But I hate everything about paying for things in check because it feels insecure – the worry that someone will find a way to change the amount, the check gets lost or stolen in the mail, and the overdraft issue if someone holds on to it for ages.

These days, I only use checks to pay taxes because the credit card fees for taxes are absurd.

And the signs you see at the grocery store and library saying you’ll be charged a $35 penalty if your check bounces just makes me never want to pay for anything by check.

vinelady March 4, 2009 at 12:07 pm

I had a former landlord deposit a check 5 years after I moved out (It was a rental deposit). While it initially cleared…I was able to have the bank return the check as Stale Dated.

Alice March 4, 2009 at 4:25 pm

Don’t know if this is true in other countries, but it’s good to know that here in Canada government cheques never go stale. I used to save up my “baby bonus” (universal child benefit) cheques until I had enough to buy big stuff like snowsuits.

I had a bank teller refuse to honour an older government cheque once, and when I called the government office about it, the person I spoke to was livid.

Mrs Money March 4, 2009 at 6:59 pm

Great post! I manage a bank and every so often this comes up. We don’t cash them if they are over 6 months old but I have seen where they’ve been deposited at another bank and clear our customers’ accounts. I have a pet peeve of people holding on to checks too long!! 🙂

mrsmicah March 4, 2009 at 7:47 pm

@theweakonomist, so far I’ve never had trouble with businesses cashing the check, I guess they want money. But it would be nice if we could be sure they expired at some point.

@Suburban, so far I haven’t had a stale check problem either, I try to deposit them within a week (ATM is accessible but means a side tripe). Ditto on the waiting.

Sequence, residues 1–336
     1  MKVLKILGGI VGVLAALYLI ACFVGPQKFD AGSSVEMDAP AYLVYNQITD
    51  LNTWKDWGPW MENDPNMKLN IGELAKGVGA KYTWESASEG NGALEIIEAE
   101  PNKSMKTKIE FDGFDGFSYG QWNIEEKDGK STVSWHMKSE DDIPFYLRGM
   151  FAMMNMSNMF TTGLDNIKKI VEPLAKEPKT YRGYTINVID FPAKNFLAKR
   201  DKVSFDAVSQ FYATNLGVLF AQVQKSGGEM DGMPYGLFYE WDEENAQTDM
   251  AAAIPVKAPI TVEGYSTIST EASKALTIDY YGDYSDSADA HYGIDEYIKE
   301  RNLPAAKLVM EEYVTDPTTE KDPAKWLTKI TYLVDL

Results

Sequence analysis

@Stephanie, good reminder!

@Penelope, we had one of those signs at the library. Of course it makes sense for them to penalize you, but between bank penalties and store penalties…that’s a LOT of $$.

@vinelady wow, I guess they thought you wouldn’t notice? Glad to know you can appeal stale deposits!

@Alice, I think they do in the States but I’m not sure. I used to get my tax returns as checks when I was 14 and 15 and they did have a note about expiration. Don’t recall, but I think it may have been a bit longer.

@MrsMoney, you’re the kind of bank I’d like to be with. It’s the wondering that would get me. Knowing you have a policy means no wondering.

MrsMicah's Mom March 5, 2009 at 3:15 am

On the other hand, some of us have a hard time getting to our banks to deposit checks, though I’ve never had one go stale.

Salad Fixings March 27, 2009 at 2:48 pm

“Nice to know in Canada gov. cheques aren’t stale” Exactly. What happens when cheques are coming to an unstable person and you are left holding onto a wad of them and having to clean up their estate. What happens?

mrsmicah March 27, 2009 at 11:10 pm

@Salad Fixings, I don’t know. If they’re from the government, then you could probably just hold onto them. Otherwise, it’s probably better to deposit than to have them expire. Better, but not necessarily good.

Jason Wallace April 17, 2012 at 1:47 pm

It is irresponsible to be paying for anything in paper form these days pre paid debit cards are way cheaper than regular credit cards to use and very easy and clears instantly and is impossible to overdraw

Jason Matthews July 18, 2013 at 3:00 pm

Great to know because I’ve thought after 3 or 4 months they were no longer good.